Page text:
Title and statement of responsibility area
Whitby Women's Institute fonds
General material designation
- Textual record
- Graphic material
Other title information
Title statements of responsibility
- Source of title proper: Title based on contents of the fonds.
Level of description
CA ON00329 F18
Edition statement of responsibility
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Statement of scale (cartographic)
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Issuing jurisdiction and denomination (philatelic)
Dates of creation area
[ca. 1912-1988] (Creation)
- Whitby Women's Institute
Physical description area
ca. 28.5 cm of textual records
4 photographs : b&w
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Archival description area
Name of creator
The Whitby Women's Institute (WI) was formed in the summer of 1897, the result of a meeting convened for the women of South Ontario. Soon after, the Whitby WI held another meeting and confirmed its president and executive team, which included elected first and second vice presidents and a secretary-treasurer. At the time of its creation, the Whitby WI was the second of its kind in the world.
The first WI had been formed several months earlier in Stoney Creek, Ontario by Adelaide Hoodless. Hoodless, a wealthy mother of four residing in Hamilton, had lost her youngest son in 1889 due to an intestinal ailment caused by the consumption of impure milk. Following this, Hoodless dedicated herself to promoting domestic science education for girls and women. The WI, as Hoodless envisioned it, would unite women living in rural areas with a goal of improving their homemaking through the study of domestic science.
The Whitby WI shared the goal of its predecessor--"dissemination of knowledge relating to the home." During the second Whitby WI meeting in October 1897, 23 members heard lectures on "bacteria as they affect the home" and bread and butter making. The WI would go on to engage in lobbying activities, submitting resolutions to municipal and provincial governments, and participate in many community events. By the end of 1897, the Whitby WI’s membership had grown to 73.
All WI endeavors were orchestrated by standing committees comprising members. Committees organized lectures, prepared resolutions, participated in community activities, and created “Tweedsmuir histories,” or scrapbooks containing narratives about the region. The Whitby WI’s committees included the following: Resolutions; Home Economics and Health; Historical Research; Canadian Industries; and Citizenship and Education.
Over the years, the Whitby WI also involved itself in the regional community. The organization donated gates to Whitby Town Park in August 1932, assisted with the establishment of a local chapter of the Victorian Order of Nurses, created a rest room in the downtown area for farmers and their families (1914-1918), gave shrubs and flowers to local schools (1922), arranged for scholarships for students, operated a stall at the Oshawa fair, prepared holiday gifts for residents of care home Fairview Lodge, and raised money for local hospitals. Perhaps most significantly, the WI developed a resolution which resulted in new Ontario government regulations mandating the wrapping of all bread for sale in the province, an important sanitary measure.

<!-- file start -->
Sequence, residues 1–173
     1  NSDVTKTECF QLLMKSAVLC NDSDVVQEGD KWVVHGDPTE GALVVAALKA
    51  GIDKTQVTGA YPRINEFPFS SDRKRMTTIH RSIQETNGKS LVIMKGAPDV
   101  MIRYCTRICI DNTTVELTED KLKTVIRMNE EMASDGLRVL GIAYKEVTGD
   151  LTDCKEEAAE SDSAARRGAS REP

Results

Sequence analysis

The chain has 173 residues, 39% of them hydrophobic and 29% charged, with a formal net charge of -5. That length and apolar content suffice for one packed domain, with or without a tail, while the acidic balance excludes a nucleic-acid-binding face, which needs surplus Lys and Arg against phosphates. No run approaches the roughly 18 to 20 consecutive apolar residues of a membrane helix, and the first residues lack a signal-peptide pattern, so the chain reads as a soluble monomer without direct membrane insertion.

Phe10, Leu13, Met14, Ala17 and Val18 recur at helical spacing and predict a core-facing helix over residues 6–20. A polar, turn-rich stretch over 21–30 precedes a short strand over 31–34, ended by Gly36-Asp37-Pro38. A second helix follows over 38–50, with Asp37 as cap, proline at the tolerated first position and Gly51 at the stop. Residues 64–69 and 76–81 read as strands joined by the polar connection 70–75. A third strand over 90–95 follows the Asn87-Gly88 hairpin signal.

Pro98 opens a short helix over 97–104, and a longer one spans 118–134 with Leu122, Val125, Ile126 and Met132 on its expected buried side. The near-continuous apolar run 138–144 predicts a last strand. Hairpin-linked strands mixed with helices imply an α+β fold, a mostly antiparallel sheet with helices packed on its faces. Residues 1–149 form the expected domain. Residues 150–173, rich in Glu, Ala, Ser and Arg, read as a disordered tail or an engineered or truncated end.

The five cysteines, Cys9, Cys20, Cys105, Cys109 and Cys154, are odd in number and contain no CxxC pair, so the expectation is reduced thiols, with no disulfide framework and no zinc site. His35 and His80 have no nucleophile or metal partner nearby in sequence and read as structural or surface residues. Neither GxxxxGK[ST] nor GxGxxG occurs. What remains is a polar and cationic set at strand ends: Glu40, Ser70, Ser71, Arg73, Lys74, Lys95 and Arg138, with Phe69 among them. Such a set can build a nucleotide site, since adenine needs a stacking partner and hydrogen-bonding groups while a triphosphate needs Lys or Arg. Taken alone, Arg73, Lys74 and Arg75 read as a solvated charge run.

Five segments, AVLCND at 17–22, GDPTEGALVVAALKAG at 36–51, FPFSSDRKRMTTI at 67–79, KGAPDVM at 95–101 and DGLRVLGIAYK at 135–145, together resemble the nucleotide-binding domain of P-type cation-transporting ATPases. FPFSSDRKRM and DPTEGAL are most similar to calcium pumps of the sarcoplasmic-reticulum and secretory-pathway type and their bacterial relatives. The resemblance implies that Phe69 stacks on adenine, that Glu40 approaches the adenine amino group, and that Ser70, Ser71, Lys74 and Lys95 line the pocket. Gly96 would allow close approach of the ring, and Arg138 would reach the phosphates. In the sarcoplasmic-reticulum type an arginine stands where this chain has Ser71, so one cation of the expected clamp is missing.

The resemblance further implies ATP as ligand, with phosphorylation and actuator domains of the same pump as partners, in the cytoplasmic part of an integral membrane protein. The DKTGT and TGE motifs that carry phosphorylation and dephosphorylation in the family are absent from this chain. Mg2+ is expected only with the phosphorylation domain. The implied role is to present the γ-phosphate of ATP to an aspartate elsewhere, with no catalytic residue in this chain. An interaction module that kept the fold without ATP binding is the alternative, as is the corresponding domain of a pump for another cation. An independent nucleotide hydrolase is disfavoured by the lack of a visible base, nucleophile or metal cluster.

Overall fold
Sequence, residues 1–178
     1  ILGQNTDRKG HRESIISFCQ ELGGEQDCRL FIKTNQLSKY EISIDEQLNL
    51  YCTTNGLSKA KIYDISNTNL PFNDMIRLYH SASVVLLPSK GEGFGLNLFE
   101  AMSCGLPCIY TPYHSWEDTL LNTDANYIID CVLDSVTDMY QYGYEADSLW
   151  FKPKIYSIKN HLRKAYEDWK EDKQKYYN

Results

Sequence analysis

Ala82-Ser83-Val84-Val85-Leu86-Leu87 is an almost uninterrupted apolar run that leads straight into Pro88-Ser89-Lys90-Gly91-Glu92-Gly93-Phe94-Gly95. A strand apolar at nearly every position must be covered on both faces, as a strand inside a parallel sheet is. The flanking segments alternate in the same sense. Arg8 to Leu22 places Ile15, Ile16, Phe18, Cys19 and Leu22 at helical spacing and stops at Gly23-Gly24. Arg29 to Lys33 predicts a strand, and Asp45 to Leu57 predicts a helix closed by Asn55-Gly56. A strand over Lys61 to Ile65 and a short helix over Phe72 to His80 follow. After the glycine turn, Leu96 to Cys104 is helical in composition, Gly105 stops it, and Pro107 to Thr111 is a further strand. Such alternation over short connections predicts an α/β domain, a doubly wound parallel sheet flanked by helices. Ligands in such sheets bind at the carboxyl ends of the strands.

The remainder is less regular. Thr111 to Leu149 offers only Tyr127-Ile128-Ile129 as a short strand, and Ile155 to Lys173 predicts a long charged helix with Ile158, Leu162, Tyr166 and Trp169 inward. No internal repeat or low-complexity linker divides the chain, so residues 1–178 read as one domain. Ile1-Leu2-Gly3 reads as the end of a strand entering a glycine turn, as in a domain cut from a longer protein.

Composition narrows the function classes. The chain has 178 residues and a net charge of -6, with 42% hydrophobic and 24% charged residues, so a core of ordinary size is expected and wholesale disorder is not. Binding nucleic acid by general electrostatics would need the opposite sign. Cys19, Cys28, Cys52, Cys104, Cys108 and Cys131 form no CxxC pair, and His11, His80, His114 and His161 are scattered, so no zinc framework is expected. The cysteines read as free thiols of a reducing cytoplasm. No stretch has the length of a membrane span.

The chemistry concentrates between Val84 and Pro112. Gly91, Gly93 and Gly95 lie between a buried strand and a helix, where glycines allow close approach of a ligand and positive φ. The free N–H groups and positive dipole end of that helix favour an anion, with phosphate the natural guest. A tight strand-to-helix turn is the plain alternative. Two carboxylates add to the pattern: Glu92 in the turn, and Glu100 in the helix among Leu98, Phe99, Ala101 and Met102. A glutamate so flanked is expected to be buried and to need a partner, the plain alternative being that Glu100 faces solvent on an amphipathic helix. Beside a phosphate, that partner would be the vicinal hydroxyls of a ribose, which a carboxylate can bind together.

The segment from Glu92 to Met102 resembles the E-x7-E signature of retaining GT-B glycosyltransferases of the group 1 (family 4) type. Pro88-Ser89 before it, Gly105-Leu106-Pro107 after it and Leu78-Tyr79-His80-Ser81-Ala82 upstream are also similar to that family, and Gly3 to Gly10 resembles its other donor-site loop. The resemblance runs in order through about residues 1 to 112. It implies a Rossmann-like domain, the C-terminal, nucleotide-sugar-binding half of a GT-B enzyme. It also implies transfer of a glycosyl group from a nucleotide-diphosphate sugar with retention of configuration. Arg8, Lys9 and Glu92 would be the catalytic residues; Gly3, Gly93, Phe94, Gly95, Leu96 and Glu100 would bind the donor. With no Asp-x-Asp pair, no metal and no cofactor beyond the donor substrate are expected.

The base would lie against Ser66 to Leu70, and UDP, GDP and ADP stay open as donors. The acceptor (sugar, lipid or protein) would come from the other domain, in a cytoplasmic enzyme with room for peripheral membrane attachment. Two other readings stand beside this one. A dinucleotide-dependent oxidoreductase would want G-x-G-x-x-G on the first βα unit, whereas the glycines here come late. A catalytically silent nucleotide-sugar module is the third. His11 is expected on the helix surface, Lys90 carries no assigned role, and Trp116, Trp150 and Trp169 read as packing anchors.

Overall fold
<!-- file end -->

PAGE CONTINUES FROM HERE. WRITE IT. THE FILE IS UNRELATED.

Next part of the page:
The Whitby WI appears to have focused on the concerns of white, middle-class, Christian women in the region. The organization's Tweedsmuir histories demonstrate this tendency, centering on the region's white European pioneers and their descendants.
The organization disbanded in the summer of 1988.
After the Whitby WI disbanded in the summer of 1988, former members considered turning over their Tweedsmuir History and minute books dating back to 1912 to the district secretary of the Ontario South WI. However, it appears that members Aleta Campbell and Josephine Smith kept these materials instead. The WI records were eventually given to Archives at Whitby Public Library (ca. 2014), though it is not clear who the donor was at this time.
Scope and content
The fonds consists of the Whitby WI's minute books, one Tweedsmuir history, and event programmes. Records are arranged chronologically in subject files.
Several pages have fallen out of minute books and are tucked within book covers. Additionally, minute book spine labels have become detached as a result of tape adhesive degradation.
Immediate source of acquisition
The archivist maintained records in their received physical order.
Language of material
Script of material
Location of originals
Availability of other formats
Restrictions on access
Terms governing use, reproduction, and publication
Some records in the fonds may be protected under copyright. Permission to reproduce copyrighted materials must be obtained from the copyright holder(s). See archivist for details.
A file list is attached.
No further accruals are expected.
A list of deaccessioned items and records is available. See archivist for details.
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Description created by Gillian Dunks in December 2017.